Mara Gojgar, Managing Partner Confident Communications si Andreea Retea (andressa.ro), alaturi de Antoaneta Banu, in emisiunea Business Woman, despre BLOGGING AFFAIR. … Read more
[ The PR industry is still struggling to make itself understood and respected ]News 15.04.2013
LivePR: Many young people dream of becoming PR specialists. That is why each summer, universities with such profiles have the most success. What do you think they find attractive about this?
Mara Gojgar: Communication is a knot for a variety of skills. For example, in the 12th grade I decided to go to college to study communication because I liked to draw and paint, I enjoyed writing essays, I liked interacting with people and also, dancing, foreign languages and psychology. I did not qualify for any other “clear” profession such as lawyer, doctor, economist.
Many young people are attracted to the glamorous part of this job and they’re disappointed when they actually face the essence of communication, a subject which requires a lot of discipline and sometimes even small, meticulous and repetitive things. In the journey from a creative idea to its implementation, you have to go through a lot of filters related to objectives, budgets, various unexpected contexts, all which are necessary when creating the scaffold and that flexible and resistant anchoring system behind the creative idea.
LivePR: All long-term relationships should have a beautiful beginning. How did your personal relationship with PR begin?
Mara Gojgar: At first, I applied to FCRP –SNSPA because I wanted to work in advertising. But after my freshman year, I was curious to find out more about written press, radio, TV, PR and marketing.
I’ve always thought that what life has reserved for you will eventually come, with a simple condition: you need to get out in the world and expose yourself to as many situations as you can – more importantly than thinking outside the box is getting out the box and taking action.
My first PR experience was in 2004 at PR Idea, one of the first PR fairs held at Sofitel. I was a volunteer at the entrepreneurial PR agencies booth for which I had to present the communication audit services. I got to that after someone posted an announcement on our Yahoo student group.
The fair lasted for three days and after that I wasn’t just a volunteer anymore, I got employed. The director of that specific agency had a brilliant character. He had studied communication in Japan and he had recently returned to Romania, he was a man of vast and diverse culture and at the same time very knowledgeable on how to make it profitable. He was the type of person who teaches you how to fish, but he lets you get your own rod and even though he knows here the pond is, he will never tell you.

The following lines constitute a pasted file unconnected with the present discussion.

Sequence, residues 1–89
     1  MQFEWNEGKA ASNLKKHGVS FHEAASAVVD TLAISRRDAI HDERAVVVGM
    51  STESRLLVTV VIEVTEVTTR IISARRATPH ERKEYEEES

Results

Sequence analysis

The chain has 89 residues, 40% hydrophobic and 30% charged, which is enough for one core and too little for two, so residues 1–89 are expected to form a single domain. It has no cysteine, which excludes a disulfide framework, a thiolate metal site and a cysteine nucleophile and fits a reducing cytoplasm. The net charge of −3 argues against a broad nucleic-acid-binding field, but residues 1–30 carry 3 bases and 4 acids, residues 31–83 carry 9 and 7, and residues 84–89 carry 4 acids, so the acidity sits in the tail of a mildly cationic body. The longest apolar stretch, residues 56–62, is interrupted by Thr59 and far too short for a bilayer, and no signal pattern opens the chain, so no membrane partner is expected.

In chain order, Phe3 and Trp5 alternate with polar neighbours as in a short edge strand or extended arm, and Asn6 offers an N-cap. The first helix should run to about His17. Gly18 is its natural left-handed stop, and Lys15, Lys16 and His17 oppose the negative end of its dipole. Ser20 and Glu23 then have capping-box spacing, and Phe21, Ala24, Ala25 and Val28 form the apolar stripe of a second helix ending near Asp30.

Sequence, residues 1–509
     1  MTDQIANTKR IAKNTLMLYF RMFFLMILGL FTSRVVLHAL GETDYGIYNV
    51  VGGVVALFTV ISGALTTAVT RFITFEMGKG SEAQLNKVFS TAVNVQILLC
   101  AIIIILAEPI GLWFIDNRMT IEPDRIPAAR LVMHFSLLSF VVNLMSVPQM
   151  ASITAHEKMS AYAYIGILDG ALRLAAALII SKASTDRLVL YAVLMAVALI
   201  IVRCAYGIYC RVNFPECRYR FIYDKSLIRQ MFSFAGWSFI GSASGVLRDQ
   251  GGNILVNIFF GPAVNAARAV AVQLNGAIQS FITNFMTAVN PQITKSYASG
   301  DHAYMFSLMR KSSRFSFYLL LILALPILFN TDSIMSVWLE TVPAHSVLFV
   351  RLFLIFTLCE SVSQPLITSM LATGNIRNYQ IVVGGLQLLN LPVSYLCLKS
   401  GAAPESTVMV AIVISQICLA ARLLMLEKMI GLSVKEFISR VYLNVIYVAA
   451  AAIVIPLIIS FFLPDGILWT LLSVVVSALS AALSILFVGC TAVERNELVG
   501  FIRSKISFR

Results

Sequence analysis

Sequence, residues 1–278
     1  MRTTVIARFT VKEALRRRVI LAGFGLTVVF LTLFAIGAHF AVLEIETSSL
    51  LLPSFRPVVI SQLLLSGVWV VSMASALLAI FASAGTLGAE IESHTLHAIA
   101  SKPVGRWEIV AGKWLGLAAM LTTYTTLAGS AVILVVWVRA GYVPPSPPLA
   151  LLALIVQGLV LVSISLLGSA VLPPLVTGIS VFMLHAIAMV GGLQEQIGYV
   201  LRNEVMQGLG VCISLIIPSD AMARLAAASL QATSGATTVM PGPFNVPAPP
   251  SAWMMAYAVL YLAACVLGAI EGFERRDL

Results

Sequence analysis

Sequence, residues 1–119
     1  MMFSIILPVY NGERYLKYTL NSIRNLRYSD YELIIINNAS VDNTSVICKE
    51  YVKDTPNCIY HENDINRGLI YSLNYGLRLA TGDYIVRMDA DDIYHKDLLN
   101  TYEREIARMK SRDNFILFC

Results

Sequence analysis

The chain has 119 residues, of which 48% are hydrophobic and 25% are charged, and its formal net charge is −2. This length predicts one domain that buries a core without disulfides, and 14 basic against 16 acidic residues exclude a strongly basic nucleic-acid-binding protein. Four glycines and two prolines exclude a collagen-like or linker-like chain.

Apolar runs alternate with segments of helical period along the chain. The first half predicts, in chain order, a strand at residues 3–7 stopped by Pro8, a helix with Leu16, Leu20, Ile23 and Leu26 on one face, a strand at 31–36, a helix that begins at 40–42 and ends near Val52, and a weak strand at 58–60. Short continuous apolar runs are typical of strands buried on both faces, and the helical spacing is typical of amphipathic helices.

A year later I won a scholarship to study communication in Spain. At that time, I had a job in a media planning agency, the first and only job where I had to sit in an office all day and do countless calculations, a mix that was not for me. Each day that went by was becoming increasingly unbearable.
LivePR: PR Careers in Romania’s 2013. What growth prospects are expected for young graduates in the PR and communication niche?
Mara Goigar: Romanian PR has a lot of space to develop and it’s a place for real specialists. Unfortunately, lacking knowledge of this profession, makes many people believe they are good at it,lacking deep studies and preparation and in the absence of actual management of a client and business situations, it is not possible.
PR is still struggling to make itself understood and respected. Besides from multinational companies that come here with a culture in this regard and with budgets that can actually sustain integrated communication actions, middle (Romanian) businesses which are in so much need of such services, are still testing waters, they don’t know what PR is. Creating a reputation is not a familiar concept to these companies.
At the same time, we’re at a point where this niche is still undergoing adjustments, unlike in other countries where it’s a profession with years and years of tradition.
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